Even if a planet has axial tilt, a recent study shows that interaction at a close distance (within the “Goldilocks” region) with red dwarf will eliminate axial tilt in less than 100 million years. Bacteria on Earth required 1,000 million years to evolve. Theoretically, a planet with no axial tilt could possess bands between the equator and the poles where liquid water would exist. But, it is quite possible the atmosphere would collapse, with gases being driven off into space at the very hot equator, and freezing solid on the ground at the poles. Such a possibility faces the planets around KOI 961.

Systems with stars like our Sun present better possibilities. The “Goldilocks” conditions exist much farther out, and axial tilt is eliminated much more slowly, as our Earth is witness. Systems such as Kepler-22b are good candidates.

The conclusion drawn from these studies is that systems similar to our Solar System present the best opportunities for life.

Earth Like Planet – Kepler 22b

Kepler 22b
Planet Kepler 22b Orbiting a G-Type Sun 600 Light Years from Earth
Image Credit: NASA / Ames / JPL-Caltech

NASA announced the discovery of an Earth-like planet located 600 light years from Earth. “Just a stroll to the local gas station for a candy bar” compared to the size of the Milky Way galaxy we inhabit.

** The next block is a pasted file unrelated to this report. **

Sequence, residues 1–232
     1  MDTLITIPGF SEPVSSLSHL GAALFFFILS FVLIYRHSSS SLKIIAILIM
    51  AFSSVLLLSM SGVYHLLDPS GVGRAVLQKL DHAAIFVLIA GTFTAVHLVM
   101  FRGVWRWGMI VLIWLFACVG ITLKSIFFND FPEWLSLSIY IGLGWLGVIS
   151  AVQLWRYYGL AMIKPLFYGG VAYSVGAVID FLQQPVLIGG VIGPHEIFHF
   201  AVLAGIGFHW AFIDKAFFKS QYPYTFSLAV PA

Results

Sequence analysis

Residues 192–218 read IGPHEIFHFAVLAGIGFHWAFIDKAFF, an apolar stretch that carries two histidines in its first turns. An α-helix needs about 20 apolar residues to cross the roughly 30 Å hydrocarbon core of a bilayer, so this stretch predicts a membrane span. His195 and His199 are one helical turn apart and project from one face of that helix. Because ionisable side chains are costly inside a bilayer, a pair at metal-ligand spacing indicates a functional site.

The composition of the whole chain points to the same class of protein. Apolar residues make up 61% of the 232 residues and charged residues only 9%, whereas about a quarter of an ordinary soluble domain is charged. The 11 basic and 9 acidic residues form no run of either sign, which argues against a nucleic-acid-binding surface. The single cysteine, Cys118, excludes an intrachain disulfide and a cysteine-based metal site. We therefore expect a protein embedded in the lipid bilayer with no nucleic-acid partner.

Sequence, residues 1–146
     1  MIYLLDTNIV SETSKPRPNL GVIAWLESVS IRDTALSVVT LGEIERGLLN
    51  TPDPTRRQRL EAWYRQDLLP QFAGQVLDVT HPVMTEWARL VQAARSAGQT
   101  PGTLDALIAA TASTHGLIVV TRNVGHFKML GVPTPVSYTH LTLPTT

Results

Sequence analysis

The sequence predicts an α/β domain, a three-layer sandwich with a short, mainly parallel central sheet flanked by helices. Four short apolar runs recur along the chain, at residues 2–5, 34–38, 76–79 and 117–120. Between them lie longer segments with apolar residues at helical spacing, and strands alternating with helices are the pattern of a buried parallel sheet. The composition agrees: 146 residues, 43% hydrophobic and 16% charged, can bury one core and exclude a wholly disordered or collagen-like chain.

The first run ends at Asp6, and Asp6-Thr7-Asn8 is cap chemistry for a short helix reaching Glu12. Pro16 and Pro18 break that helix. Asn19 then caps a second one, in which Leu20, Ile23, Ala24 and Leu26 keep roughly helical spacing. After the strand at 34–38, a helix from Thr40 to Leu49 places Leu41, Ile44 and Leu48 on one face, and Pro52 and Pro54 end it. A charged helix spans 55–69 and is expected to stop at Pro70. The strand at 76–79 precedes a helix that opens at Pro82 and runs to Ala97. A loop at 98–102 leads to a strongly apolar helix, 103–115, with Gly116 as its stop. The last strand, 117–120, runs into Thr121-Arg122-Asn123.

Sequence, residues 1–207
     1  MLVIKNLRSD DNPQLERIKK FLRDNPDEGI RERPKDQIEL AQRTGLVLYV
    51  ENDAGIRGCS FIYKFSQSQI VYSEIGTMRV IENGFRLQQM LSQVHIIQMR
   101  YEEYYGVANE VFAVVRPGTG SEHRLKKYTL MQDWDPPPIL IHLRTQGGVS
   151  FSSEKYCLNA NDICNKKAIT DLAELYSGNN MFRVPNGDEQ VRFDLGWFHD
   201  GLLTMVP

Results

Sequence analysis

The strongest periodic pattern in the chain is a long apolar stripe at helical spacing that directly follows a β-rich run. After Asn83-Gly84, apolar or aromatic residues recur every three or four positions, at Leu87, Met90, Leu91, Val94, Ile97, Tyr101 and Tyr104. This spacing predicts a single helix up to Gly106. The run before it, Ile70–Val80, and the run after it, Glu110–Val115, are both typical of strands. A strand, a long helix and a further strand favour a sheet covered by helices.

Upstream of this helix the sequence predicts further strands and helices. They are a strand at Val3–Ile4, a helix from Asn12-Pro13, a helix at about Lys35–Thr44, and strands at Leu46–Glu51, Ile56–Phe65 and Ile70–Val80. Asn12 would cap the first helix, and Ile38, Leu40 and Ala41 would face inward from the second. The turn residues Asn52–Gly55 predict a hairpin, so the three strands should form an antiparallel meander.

Kepler 22b
Kepler 22 System and the Inhabitable Zone
Image Credit: NASA / Ames / JPL-Caltech


NASA has announced that the Kepler Mission has released the first 43 days of science data on more than 156,000 stars.

Kepler is designed to continuously monitor a star field in the constellations Cygnus and Lyra. The objective is to find Earth like planets circling solar-like stars in what is known as the Habitable Zone, the region around a star where water can exist as a liquid. Since planetary orbits in this region take about a year to complete, the Kepler mission is designed to last through November 2012. This will allow Kepler to catch a planet fitting the description making three transits of its star during the three and a half year mission. Kepler was launched 6 March 2009.

When a planet transits a star, it blocks some of the light from the star. If an observatory is looking at the star at just the right moment, it will see the star dim and then brighten again when the planet finishes passing in front of the star. The effect is very small. A transit will dim the starlight by 100 parts per million, and last from 2 to 16 hours if the planet is in the habitable zone.